The Early Life of

Anthony Burns

 

 

  

 

 

  

 

 

 

 

History 312: Civil War and Reconstruction Student Web Sites

 

 

Anthony Burns was born on May 31, 1834 in Stafford County, Virginia (von Frank 305). He was born to slave parents who belonged to John Suttle. His mother had been married three times and had a total of 13 children, Anthony being the youngest. His father, his motherís third husband, died before he could remember. A few years later, Mr. Suttle died, and due to financial problems, Mrs. Suttle sold five of Anthonyís brothers and sisters. The remaining Suttle slaves were often hired out, which resulted in a two-year separation for Burns from his mother (Stevens 151-53).

Around the time Burns turned six years old, Mrs. Suttle passed away leaving the estate to her son, Mr. Charles F. Suttle (Stevens 153). From this time on, Anthony was hired out to several people, performing a variety of duties. He worked as a personal servant, sawmill worker, and tavern servant. In addition to these skills, he also learned to read and write (Pease 28).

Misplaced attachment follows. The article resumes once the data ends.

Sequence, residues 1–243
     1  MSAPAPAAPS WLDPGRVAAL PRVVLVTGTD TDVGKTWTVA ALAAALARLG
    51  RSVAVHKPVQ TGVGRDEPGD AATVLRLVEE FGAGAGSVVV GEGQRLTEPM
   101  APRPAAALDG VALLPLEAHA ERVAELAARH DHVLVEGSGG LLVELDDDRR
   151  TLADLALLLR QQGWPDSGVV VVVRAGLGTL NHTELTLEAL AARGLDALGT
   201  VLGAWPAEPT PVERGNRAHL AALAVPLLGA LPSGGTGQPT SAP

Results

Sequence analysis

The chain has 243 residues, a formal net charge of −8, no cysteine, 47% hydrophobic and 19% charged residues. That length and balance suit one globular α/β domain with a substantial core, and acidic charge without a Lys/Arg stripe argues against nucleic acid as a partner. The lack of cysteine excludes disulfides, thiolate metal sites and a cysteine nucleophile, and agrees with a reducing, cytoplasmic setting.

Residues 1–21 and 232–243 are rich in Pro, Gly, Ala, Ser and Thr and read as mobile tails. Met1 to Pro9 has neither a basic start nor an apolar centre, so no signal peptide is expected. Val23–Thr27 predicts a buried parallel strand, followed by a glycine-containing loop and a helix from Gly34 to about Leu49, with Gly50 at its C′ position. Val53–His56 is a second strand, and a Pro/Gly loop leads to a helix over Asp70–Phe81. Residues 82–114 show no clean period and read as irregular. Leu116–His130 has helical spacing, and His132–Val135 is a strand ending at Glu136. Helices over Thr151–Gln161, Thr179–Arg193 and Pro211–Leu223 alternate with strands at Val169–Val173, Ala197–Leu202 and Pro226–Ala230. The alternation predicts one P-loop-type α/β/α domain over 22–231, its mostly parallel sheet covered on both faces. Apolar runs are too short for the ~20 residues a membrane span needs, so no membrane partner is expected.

He also had several religious experiences throughout this time. He was baptized and accepted into the Baptist Church at Falmouth. Blacks and whites both attended this church, but were separated by a partition. A couple of years later, Anthony applied to his fellow brethren to be recognized as a preacher. Although violating Virginia law, which prohibited any assembly by slaves without a white person present, Burns would preach to small congregations of slaves. He was also often called upon to perform marriages and funerals among slaves (Stevens 165-67).

 

This page was created by Karen Livingood

mailto:kliving0@georgetowncollege.edu

This page was last updated on 02/02/00